The US Navy was wary of the F-4’s capabilities when it started development in 1955. Its success wasn’t guaranteed – after all, poorly performing jet engines were quite common in a number of Navy fighters. Because of this, the Navy thought it would be wise to have a backup. Surely enough, Vought provided a solution in the form of their soon-to-be-delivered F-8 Crusader.
Initially designated as the V-401
Though it was internally called the V-401, its designation was later changed to the Vought F-8U3 Crusader III or the Super Crusader. Vought developed the aircraft in parallel with the F8U-1 and F8U-2s, this time being a larger aircraft (around 46% heavier) with an even better performance.
It shared few components with its predecessors
The Crusader III was a different aircraft and shared few parts with its originator. In addition, it also had a much larger and more sophisticated radar.
Fitted with a better engine
A bigger supersonic aircraft also leads to a bigger and more capable engine. Thus, the Crusader III was fitted with a Pratt & Whitney J75-P-5A engine with a rated output of 29,500 lbf of afterburning thrust. J75s were developed from the J57 engines that powered the original F-8 fighters.
Featured a new air intake
Its new air intake was a divertless supersonic inlet (DSI) designed to manage the localized shock wave caused by supersonic travel and to enable the engine to “gulp” the air it required.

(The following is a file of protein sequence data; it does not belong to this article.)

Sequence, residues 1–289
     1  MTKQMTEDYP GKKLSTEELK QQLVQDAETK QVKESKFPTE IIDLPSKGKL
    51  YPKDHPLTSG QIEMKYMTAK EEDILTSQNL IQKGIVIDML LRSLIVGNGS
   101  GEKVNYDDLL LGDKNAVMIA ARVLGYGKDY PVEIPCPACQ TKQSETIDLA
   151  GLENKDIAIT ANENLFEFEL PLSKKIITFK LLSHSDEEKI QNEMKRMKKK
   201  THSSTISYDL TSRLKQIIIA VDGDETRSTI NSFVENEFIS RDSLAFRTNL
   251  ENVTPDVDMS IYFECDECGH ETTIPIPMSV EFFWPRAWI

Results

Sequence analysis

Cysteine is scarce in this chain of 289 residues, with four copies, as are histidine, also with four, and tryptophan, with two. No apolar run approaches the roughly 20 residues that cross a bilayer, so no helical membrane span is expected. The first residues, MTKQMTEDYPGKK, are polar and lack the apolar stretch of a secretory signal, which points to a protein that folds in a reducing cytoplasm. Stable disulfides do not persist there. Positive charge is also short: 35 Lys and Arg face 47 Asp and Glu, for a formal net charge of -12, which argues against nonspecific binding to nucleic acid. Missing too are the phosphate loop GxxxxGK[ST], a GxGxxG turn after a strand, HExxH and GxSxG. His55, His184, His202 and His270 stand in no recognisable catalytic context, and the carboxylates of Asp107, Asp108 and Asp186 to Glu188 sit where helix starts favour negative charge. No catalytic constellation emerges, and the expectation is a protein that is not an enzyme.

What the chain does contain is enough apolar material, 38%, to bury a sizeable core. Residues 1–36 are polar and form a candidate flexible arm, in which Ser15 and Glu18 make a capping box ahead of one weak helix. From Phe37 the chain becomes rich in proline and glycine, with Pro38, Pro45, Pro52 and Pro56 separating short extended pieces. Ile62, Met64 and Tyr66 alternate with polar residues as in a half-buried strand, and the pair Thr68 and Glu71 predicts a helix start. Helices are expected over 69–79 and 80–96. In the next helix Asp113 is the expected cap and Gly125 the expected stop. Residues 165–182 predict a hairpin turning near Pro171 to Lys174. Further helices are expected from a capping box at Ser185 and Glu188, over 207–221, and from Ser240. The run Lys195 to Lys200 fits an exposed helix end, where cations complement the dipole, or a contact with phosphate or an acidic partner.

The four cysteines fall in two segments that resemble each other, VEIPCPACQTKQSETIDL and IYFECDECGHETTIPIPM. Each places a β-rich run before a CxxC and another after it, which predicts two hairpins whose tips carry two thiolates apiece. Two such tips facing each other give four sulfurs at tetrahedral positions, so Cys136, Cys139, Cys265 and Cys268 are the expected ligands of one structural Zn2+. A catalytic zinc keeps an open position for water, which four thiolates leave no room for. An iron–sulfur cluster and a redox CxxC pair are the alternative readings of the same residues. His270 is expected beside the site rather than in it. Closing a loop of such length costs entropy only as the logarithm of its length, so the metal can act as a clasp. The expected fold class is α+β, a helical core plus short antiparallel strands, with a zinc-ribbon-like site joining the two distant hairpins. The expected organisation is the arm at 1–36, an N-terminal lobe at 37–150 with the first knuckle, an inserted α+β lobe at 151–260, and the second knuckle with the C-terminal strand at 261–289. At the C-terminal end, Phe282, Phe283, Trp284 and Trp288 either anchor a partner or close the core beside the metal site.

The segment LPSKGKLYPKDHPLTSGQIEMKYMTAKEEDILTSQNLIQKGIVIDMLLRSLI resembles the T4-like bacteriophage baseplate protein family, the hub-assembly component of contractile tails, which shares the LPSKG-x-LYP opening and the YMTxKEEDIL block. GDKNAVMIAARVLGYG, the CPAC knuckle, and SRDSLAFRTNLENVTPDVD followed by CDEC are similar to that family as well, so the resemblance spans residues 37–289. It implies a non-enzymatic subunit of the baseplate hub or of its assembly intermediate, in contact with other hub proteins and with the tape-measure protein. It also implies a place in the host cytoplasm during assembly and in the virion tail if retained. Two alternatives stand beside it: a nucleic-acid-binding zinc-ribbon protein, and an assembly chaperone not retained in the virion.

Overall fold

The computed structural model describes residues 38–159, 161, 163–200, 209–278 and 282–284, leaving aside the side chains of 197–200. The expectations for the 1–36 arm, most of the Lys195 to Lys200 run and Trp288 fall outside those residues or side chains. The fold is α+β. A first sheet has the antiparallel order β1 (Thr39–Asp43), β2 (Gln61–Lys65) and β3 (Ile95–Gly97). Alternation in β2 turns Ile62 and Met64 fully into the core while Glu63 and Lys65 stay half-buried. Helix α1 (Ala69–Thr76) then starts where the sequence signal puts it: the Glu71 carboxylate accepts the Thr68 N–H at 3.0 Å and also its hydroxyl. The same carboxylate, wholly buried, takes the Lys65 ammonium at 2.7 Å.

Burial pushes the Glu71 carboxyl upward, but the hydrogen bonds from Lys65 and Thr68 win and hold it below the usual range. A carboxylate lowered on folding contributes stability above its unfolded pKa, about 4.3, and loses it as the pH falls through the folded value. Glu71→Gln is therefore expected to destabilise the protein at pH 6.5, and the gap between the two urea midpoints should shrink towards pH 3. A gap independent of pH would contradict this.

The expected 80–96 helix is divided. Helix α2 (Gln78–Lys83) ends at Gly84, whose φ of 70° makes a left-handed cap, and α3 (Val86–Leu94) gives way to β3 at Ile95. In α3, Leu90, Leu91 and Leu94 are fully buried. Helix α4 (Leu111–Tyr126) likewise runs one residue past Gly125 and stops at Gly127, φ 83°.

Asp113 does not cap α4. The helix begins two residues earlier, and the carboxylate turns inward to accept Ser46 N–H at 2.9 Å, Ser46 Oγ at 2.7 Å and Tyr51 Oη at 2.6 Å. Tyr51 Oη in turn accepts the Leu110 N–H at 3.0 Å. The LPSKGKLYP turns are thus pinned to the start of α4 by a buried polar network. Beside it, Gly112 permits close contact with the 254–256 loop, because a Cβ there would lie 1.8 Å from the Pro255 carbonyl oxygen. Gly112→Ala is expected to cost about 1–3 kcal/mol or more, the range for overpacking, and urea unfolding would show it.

Had retractable ventral fins
Aside from its new intake, the Crusader III also featured retractable ventral fins that were deployed in flight to stabilize the aircraft at high speeds. Vought suggested this change after claiming that the fighter could top out closer to Mach 3 when the design was finalized.
Achieved Mach 2.39 during tests
The F8U-3’s first flight came on June 2, 1958, and reached a maximum speed of Mach 2.39. Furthermore, the aircraft exceeded Mach 2.0 in level flight on August 14 that same year, well before the F-4 did.
It was more maneuverable than the F-4 Phantom II
In December 1955, the Navy decided to hold a competition between the F-4 and the F8U-3. Results from the fly-offs revealed that Vought’s design had a clear advantage in maneuverability. In fact, John Konrad, Vought’s chief test pilot, stated that the Crusader III could “fly circles around the Phantom II”.
The F8U-3 was considered one-dimensional
F-4s could carry a larger payload and were designed to perform air-to-ground and air-to-air missions. Later on, the Phantom would replace the F-8 Crusaders as the primary air superiority fighter during the Vietnam War.
Was canceled and scrapped
The F8U-3 program was canceled after the F-4 Phantom eventually won the contract with the Navy. All five Crusader IIIs built during the program were later scrapped for parts after a stint with NASA.
Transferred to NASA
With no further support left, the five Crusaders were transferred to NASA for atmospheric testing. This decision came with the fact that the F8U-3 was capable of flying above 95% of the Earth’s atmosphere. Funnily enough, NASA pilots would often use the aircraft to intercept and defeat US Navy Phantom IIs in mock dogfights before the Navy put an end to it.